>> Ahree Lee:  Ok. We’re going to wind this down a little now. You can continue your conversations after the session.

[Whistle]

So we have some resources for you. The first link is to our paper on the Museums and the Web website. The second one is Design Thinking for Museums, Dana’s website about design thinking and the museum context which has resources there, too. And the third is the dSchool at Stanford where there are a lot of resources for running not only prototype sessions but design thinking sessions in general, lots of papers and other resources. And then the contact information for all three of us.

Don’t forget to Tweet your pretty prototypes.

>> Dana Mitroff Silvers:   We want to open it up to questions. Look how much we just did in 45 minutes. It’s pretty amazing what you guys made in five minutes’ time. We want to open it up for questions, comments, thoughts. Marco?

>> My question is ‑‑ it’s easy and more effective maybe to prototyping in the physical space where more and more happens that the design firms on the West Coast and the museum is in the East Coast. Have you ever experimented the prototyping using some tools, the web, or something like that? What is your point of view about that?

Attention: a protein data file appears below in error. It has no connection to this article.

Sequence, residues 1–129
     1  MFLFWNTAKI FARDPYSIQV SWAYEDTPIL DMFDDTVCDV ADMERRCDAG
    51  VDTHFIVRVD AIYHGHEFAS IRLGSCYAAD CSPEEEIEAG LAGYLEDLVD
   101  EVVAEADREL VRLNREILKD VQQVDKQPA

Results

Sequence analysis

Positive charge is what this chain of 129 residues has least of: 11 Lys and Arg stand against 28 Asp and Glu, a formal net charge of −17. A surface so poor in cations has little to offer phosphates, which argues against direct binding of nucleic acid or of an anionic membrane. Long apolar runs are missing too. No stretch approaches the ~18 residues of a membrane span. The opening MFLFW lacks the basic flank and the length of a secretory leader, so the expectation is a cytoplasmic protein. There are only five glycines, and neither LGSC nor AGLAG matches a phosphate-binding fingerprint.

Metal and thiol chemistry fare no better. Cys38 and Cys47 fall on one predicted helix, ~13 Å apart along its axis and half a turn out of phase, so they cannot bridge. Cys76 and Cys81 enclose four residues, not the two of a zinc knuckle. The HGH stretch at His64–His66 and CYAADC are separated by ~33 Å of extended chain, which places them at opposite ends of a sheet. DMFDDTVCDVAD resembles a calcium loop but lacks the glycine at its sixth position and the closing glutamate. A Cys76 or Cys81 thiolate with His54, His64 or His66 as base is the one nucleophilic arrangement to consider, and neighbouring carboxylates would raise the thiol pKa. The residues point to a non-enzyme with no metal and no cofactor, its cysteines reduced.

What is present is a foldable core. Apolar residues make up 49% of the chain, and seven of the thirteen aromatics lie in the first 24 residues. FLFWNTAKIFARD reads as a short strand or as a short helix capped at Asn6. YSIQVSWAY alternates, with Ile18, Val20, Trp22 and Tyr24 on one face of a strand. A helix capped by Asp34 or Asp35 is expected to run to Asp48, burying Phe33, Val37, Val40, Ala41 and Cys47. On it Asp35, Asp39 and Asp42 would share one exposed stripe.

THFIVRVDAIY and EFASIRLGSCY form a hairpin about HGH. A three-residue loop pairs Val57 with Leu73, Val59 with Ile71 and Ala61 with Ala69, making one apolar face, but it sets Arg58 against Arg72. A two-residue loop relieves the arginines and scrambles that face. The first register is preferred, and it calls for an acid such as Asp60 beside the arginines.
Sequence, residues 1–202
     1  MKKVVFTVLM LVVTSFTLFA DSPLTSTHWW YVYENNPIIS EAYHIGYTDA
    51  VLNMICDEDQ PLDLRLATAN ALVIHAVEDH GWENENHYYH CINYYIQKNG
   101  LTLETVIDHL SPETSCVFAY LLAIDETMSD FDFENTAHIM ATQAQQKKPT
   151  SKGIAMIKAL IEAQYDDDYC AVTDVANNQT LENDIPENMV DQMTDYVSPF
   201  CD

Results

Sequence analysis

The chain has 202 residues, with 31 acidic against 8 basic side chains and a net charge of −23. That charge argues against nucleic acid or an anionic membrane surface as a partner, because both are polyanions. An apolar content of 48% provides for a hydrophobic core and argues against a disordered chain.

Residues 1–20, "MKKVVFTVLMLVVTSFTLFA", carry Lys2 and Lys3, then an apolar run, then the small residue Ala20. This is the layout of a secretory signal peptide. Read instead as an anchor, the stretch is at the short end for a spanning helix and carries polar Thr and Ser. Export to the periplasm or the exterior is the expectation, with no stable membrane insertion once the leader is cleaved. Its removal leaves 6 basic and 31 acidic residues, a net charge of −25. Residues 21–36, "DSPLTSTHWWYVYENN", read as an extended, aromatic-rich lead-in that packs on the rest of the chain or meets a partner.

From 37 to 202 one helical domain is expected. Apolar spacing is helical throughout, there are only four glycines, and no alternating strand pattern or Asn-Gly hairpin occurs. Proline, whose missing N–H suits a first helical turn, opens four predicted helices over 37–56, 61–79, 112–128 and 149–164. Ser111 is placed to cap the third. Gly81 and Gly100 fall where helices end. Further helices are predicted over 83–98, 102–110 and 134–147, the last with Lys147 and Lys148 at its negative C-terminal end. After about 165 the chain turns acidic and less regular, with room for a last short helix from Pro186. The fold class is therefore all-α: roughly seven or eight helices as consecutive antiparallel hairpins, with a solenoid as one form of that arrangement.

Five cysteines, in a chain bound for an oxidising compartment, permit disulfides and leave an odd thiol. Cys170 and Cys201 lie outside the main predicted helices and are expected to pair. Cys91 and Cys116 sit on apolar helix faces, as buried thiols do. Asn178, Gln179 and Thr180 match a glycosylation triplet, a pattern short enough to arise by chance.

>> Dana Mitroff Silvers:   Using balsamiq to do digital prototyping. It doesn’t have to be physical. I really like doing starting with physical. I think there’s just nothing ‑‑ that’s such an important experience to start with, the physical prototype. I think it forces you to work quickly and not get invested in it and not start noodling over how perfect it looks, even if it’s something digital.

>> There is not any web tool?

>> Dana Mitroff Silvers:   I like physical. I don’t know if you guys want to add to it. Even if it’s something digital, I like to start with the physical that gets you in a certain mindset. I think it’s critical.

>> Ahree Lee:   I think the biggest problem in prototyping with teams that are in different locations is not necessarily the tools but it’s the tools for making the prototypes, the tools for communicating. You have to have a time where you can all get together and you need to be able to have tools that you both can access. And maybe you can share files back and forth or having v a common space where you can have a base camp site or something like that.